“I threw away the car key and the armoury key that was with us at that time, because we feared that would be looted without mercy, if we were caught by the terrorists.

    “Expectedly, phone calls started pouring in from many of my contacts. I had to put the handset in silent mode and clutched the screen tightly to my stomach so that the light wouldn’t expose my hiding place.

    “I believe the attackers were led by some of the ex-terrorists who had been released from custody, because they seemed to have a perfect knowledge of the location of everything as they carried out their attacks. They were even calling-out the nicknames of some officers and asking for their whereabouts.

    “After about two hours of the rampage, I started hearing ‘Let us go! Let us go! Let us go!’ However, I didn’t feel very comfortable coming out of my hiding place just yet. So, I stayed put.

    “After about 30 minutes, the terrorists made a return to the Custodial Centre. This time more reinforced than the first time. However, they couldn’t find any security operative on the ground so they left and didn’t return again.”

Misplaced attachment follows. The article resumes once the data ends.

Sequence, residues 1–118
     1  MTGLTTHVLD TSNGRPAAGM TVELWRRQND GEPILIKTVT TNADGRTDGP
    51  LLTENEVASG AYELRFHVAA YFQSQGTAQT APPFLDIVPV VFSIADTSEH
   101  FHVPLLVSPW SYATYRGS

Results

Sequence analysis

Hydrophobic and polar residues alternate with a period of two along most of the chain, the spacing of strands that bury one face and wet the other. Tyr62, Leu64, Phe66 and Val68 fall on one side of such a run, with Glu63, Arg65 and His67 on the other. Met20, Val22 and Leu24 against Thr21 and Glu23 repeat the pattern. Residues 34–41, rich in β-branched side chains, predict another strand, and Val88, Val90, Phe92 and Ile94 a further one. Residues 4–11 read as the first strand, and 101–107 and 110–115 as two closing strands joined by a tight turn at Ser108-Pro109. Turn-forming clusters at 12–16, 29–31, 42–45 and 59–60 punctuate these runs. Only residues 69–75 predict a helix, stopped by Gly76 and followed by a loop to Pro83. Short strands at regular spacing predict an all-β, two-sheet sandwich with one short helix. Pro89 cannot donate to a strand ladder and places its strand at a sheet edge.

Asked what he would have done, if the terrorists had nabbed him, the security agent responded, “I thank God I was wearing a three-quarter shorts and a T-shirt. I would have told them that I was only an inmate running for his dear life.”

    That is an embarrassment to the Nigerian state, because the highly successful jailbreak in Abuja, the seat of the country’s federal power, raises serious concern over the competence of those tasked to run the security agencies and the custodial centers.

    In all, the attackers who have been identified as members of the Islamic State West Africa Province (ISWAP) freed 64 of their fellows who were still detained at the custodial centre.

    In addition to these high profile enemies of the State, hundreds of other suspected criminals also escaped detention and made their way back into the society. That’s unleashing bandits into the society again.